Thomason College Press
7th June 1870
My dear Mother
I received your very welcome letter and was so glad to hear you were quite well. I am happy to say this leaves us all enjoying good health.
You all seemed much pleased at the prospect of seeing me again. Well, I am really thinking of applying for leave on Medical Certificate and was thinking of bringing Letty and the family home-but on second thoughts I find I could not do it without going to a dreadful expense which I could not afford without breaking up my house and selling off at a great sacrifice which would take me years to recover. And Letty herself does not care for the trip- of course she would like to go-but she has no idea of what the sea is like or even a ship-the nearest she has been to either has been about 900 miles. The government will pay my passage home and back-but not the family.
I spoke to Colonel Medley the other day about it and he was quite pleased and told me that I really ought to go. He is going home himself next year on furlough.
Now my dear Mother, if I get my leave- and see nothing to prevent it-I will come and see the old place again, but I want you to come back with me. You have had enough of care and toil and it is time that I should do something for you. The country would agree with you. None of your biting cold winds here, why what we call cold you would call pleasant weather and even the heat-those that are able to afford it can keep it out. You ought to feel my house when I come home at four-like an ice house.
Now my dear Mother, it really is my wish and also Lettie’s, that you come back with me so you must write me by return of post- the mail leaves every week. There is nothing to keep you at home and here you would have every enjoyment and comfort around you.
I was thinking of applying only for 9 months leave, of course I could get more, but I have to look at the expense as I have to keep the pot boiling in Roorkee while I am away. If I am lucky enough I will get for the first 6 months my military pay and half of my staff allowance which will be about Rs200 (£20) a month, but after that I will only get the rate of £60 a year. It would take me three months going and coming and would leave me 6 months at home.
I wrote to Jamie the other day and told him I was going to Scotland and that his Granny was coming back with me and he was so pleased to think you were coming and hoped you would be here before the Xmas holidays, when he will be home for 2 months. Ernest and Ann are prating all day about their Grandmamma coming from England (sic) Umeera dadee Wilayet se aya (they all talk all Hindustani).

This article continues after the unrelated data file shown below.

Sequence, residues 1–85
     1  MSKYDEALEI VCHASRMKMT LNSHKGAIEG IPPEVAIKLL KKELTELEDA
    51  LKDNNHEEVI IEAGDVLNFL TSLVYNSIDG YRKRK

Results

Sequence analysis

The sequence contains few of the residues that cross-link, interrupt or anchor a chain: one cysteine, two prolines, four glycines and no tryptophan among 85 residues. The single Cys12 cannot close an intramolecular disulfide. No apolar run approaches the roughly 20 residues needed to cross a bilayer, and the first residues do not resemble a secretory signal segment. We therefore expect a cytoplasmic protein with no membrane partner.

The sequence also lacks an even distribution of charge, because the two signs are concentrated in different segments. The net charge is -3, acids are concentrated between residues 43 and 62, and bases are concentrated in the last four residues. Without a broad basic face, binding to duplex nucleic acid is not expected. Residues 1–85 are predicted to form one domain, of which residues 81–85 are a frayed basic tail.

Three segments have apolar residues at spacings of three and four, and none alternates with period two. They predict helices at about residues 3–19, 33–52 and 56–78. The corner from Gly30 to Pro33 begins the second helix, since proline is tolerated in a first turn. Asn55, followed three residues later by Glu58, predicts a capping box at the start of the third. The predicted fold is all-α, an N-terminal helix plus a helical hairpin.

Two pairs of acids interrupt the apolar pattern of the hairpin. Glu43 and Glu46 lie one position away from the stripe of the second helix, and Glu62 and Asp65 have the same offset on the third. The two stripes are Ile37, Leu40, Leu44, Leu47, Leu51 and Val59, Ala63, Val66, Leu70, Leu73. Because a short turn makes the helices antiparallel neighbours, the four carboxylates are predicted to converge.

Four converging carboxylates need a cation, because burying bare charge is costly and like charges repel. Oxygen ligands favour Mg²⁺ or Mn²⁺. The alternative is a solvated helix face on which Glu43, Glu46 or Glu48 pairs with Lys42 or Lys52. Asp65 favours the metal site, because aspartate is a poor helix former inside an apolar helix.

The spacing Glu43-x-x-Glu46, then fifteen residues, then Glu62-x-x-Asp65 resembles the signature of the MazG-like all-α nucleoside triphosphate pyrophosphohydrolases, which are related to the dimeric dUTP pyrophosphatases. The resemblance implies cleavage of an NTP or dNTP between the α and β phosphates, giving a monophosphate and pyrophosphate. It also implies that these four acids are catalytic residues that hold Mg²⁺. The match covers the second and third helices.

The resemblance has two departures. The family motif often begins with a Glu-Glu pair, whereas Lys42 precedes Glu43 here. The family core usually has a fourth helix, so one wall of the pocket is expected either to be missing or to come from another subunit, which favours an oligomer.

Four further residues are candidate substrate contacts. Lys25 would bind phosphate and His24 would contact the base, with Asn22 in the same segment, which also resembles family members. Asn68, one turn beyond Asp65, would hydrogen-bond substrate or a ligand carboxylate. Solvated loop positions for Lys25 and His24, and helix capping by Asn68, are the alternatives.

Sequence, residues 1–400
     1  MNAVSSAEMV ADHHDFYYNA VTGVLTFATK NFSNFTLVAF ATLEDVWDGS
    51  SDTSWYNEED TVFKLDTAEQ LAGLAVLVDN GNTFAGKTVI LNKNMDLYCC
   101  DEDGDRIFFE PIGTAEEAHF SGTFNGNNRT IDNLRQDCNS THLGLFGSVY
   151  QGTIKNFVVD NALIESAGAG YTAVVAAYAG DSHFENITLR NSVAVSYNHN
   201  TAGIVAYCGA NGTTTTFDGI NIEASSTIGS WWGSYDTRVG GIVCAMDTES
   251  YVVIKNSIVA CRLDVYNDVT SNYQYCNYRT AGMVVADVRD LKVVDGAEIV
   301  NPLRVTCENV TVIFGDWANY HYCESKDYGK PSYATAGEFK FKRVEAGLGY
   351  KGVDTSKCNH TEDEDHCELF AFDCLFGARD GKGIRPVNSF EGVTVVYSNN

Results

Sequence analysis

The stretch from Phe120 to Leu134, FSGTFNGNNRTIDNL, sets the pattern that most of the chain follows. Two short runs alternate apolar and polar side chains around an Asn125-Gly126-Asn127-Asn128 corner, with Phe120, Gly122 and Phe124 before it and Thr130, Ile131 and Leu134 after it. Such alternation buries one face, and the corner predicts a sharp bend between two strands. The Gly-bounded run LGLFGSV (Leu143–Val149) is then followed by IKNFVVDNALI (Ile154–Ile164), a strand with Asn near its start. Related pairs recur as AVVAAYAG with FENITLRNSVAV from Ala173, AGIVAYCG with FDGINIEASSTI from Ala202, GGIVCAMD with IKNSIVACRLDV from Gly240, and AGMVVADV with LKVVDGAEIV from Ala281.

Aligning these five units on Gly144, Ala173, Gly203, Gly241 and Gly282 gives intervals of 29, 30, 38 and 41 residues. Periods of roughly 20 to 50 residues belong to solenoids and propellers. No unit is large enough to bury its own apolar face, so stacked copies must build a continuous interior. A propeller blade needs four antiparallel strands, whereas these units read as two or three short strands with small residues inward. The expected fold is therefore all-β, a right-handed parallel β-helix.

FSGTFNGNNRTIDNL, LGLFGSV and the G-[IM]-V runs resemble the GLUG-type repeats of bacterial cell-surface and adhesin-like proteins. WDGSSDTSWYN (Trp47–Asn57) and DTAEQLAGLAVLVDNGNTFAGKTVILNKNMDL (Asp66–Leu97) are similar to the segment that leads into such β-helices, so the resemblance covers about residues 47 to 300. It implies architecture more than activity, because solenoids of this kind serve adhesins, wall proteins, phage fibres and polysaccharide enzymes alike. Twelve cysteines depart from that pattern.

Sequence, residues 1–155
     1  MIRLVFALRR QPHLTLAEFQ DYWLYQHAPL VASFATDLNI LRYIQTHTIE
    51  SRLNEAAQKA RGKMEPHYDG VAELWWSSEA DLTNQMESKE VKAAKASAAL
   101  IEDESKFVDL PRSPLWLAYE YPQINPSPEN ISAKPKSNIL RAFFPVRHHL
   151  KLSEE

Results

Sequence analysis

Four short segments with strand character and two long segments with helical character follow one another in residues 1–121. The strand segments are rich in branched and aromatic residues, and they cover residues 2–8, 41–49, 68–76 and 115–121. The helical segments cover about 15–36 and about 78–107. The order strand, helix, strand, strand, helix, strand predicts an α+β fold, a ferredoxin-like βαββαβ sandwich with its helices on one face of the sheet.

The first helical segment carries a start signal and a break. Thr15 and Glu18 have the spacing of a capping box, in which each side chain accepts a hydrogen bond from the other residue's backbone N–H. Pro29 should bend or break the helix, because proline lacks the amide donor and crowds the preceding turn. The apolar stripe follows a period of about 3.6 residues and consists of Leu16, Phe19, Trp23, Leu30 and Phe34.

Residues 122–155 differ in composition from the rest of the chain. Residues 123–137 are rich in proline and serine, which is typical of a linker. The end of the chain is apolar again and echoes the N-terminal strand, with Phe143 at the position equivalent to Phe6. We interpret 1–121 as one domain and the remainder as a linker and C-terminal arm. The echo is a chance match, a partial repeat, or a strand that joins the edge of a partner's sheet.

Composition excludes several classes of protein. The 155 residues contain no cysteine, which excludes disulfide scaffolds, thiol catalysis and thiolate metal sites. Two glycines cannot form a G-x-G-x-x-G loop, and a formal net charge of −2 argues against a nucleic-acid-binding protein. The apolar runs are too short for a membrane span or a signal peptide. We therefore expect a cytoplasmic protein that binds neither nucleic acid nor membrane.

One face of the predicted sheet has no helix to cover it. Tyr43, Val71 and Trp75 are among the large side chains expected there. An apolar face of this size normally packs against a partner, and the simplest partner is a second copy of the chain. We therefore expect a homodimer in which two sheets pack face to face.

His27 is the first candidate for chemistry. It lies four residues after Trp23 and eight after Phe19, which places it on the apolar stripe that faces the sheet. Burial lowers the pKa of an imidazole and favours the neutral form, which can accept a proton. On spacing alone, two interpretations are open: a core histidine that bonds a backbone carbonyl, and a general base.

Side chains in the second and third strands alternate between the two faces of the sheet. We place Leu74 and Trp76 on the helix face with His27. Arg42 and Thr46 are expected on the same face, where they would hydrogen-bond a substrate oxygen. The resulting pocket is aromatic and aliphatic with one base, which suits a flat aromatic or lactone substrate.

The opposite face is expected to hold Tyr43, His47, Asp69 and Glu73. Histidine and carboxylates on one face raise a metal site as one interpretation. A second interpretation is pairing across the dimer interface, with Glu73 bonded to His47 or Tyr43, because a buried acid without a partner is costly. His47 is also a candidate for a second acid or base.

I was very sorry to hear of Mr John’s death (Editor’s Note:-Person unknown but possibly of the Boyd family). He must have grown up a good looking young man for he was as fine boy when I saw him last, but you remember I used to mend his toys for him. Both Mr and Mrs Boyd must have felt the stroke very much, and his poor mother seems to have doted on him so much that she must have felt it very acutely.
I was astonished to hear of Dr Johnston‘s marriage. He must be getting an old man now and I would have thought past that sort of thing.
I see by your letter that Alexander’s children (Editor’s Note: – Alexander Paterson) are pleased that I am coming. I don’t suppose either Ann or George, although they may remember me, would know me now.
I have not heard from Aunt Agnes (Editor’s Note:-Agnes Johnston-she was described as Matron and her address was The Spinning House, Cambridge). I wrote to her at the same time I wrote to you last. I am glad to hear she is quite well. I know she will be pleased to see me.
I am sorry to hear of Uncle Christopher (Editor’s Note:- person unknown) being so poorly and badly off. It must come hard upon him in his old age.
And Uncle Adie too. I was glad to hear he was quite well and old Jamie MacNeil. – Is he still there? (Editor’s Note:- people unknown although James Johnston’s mother’s maiden name was Adie). I hope to have a chat with them both yet. I know what it will be, the numberless questions I’ll be asked-wi “lash man” every now and then.
I was dreaming the other night of calling on Mr Burness and that he was so glad to see me down in his old house in Drummond Place.
Do you ever see Bob Paton at all ? (Editor’s Note: Person unknown) If you do give him my best respects.
Remember me kindly to Alexander and all the children – and all enquiring friends.
Letty sends her love to you and hopes to have you a little closer to her, poor girl, she has nobody but me to look to and I know you will like each other when you meet.
Good-bye for the present and hope to hear from you by return of post- don’t wait to write a long letter, just a few words to say you are well and hearty and that you will come to India with your ‘boy’. I was quite amused at that word in your letter for I am getting rather an old fashioned one now.
your affectionate Son